Lagnado's captivating account of her family's life in cosmopolitan Cairo and painful relocation to America centers on her beloved father. Dashing man-about-town Leon Lagnado, who kept to his carousing ways even after marrying a beautiful women 22 years his junior, was enraptured at the age of 55 by the author, his fourth child; affectionately called Loulou, she became her father's companion, even at temple services and the Nile Hilton bar. But the Suez war in 1956 and the Nasser regime's cultural holocaust began forcing Jews from their native Egypt. Leon's injury in a fall and Loulou's mysterious illness (first diagnosed as cat scratch fever, eventually found to be something far worse) delayed the Lagnados' departure until 1963, when they arrived in New York with $212, the maximum they were allowed to take out of Egypt; and Leon, once a prosperous, independent businessman and investor, was reduced to selling ties on the street. In Lagnado's accomplished hands, this personal account illuminates its places and times, providing indelible individual portraits and illustrating the difficulty of assimilation. An exceptional memoir. Leber, Michele ( )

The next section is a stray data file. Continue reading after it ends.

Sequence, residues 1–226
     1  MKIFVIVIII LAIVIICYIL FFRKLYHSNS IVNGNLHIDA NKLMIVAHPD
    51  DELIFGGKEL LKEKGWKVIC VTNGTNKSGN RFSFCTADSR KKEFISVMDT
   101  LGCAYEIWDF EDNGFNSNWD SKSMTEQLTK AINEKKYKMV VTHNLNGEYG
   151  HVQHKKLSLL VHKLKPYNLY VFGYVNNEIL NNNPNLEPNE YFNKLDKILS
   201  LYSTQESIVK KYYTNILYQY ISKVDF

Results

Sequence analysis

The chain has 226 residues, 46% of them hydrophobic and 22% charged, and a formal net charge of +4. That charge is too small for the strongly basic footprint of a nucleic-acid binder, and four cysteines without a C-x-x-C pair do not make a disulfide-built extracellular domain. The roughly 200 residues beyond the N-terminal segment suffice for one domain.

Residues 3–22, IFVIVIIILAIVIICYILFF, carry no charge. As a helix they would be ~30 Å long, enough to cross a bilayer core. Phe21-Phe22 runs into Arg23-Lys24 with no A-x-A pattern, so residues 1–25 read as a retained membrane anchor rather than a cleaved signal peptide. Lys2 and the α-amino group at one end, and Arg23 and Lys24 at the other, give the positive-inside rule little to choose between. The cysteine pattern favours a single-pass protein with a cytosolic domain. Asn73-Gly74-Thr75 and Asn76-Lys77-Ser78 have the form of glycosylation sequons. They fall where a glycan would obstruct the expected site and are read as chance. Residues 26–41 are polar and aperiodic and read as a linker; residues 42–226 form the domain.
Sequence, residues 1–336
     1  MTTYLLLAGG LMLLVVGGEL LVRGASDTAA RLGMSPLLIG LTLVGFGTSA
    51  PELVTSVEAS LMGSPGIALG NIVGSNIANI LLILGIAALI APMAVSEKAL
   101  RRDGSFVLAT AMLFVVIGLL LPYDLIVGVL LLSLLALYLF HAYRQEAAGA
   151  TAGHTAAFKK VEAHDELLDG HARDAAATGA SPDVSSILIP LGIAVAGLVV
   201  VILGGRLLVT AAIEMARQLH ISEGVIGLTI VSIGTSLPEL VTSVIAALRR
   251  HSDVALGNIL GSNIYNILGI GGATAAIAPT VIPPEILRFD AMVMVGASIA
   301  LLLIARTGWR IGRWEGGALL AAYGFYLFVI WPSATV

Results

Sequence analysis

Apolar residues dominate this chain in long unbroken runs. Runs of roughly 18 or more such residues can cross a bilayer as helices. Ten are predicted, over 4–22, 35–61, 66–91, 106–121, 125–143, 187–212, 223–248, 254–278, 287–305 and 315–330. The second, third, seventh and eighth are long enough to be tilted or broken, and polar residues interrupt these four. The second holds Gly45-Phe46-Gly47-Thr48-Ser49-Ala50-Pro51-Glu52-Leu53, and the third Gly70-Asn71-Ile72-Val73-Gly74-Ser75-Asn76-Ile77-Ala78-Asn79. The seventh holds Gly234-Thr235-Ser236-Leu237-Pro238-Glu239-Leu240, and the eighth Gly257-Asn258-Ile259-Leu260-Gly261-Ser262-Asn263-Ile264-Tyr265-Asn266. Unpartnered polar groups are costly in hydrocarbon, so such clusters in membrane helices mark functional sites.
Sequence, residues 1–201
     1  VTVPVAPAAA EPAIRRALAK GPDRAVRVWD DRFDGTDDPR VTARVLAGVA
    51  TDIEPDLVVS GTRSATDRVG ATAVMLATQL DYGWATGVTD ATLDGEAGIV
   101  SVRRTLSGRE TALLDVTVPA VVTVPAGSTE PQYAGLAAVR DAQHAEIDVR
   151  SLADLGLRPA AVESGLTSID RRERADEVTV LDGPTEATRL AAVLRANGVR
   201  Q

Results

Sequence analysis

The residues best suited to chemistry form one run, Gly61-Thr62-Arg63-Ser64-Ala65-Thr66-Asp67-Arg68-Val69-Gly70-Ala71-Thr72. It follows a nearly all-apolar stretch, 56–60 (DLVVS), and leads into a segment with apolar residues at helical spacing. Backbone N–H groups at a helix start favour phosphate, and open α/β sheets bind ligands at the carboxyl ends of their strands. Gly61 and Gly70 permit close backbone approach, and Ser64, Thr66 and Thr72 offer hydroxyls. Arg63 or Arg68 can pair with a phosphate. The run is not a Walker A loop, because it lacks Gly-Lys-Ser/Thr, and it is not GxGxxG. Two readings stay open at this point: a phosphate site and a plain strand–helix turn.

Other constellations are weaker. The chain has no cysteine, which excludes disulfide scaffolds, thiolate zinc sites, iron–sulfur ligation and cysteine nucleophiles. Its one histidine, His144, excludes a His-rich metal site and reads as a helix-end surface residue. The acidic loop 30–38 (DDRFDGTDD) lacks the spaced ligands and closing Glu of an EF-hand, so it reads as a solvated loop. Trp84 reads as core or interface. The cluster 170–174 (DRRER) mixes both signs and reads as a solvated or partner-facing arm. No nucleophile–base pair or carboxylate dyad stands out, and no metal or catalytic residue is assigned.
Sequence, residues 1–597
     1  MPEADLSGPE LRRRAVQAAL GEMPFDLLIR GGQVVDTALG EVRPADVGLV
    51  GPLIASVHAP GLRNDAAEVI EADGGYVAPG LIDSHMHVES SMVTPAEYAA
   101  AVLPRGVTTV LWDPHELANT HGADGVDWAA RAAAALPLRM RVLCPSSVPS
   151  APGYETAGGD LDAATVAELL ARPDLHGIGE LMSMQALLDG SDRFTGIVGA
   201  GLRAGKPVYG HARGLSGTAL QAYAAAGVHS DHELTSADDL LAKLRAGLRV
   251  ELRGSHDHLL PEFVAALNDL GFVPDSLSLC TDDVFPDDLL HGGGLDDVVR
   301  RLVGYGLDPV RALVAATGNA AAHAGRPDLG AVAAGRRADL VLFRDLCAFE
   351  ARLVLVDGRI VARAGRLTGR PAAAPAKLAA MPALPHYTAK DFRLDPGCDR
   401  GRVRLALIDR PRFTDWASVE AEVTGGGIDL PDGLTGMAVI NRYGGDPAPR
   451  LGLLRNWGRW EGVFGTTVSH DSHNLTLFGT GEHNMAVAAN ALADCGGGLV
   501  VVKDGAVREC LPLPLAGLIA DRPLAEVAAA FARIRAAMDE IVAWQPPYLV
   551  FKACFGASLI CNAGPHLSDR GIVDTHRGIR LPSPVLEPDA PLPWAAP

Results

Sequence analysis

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  caroren | Feb 17, 2011 |
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Epigraph
And the Children of Israel wept and said: "Who will feed us meat? We remember the fish that we ate in Egypt free of charge, and the cucumbers, melons, leeks, onions, and garlic. But now, our life is parched, and there is nothing. We have nothing to anticipate but manna."

-- Numbers 11:4-6
It was then that I stood up in the theater and shouted: "Don't do it. It's not too late to change your minds, both of you. Nothing good will come of it, only remorse, hatred, scandal, and two children whose characters are monstrous."
--Delmore Schwartz, In Dreams Begin Responsibilities
Dedication
To my husband, Douglas Feiden,

and to the memory of Leon and Edith
First words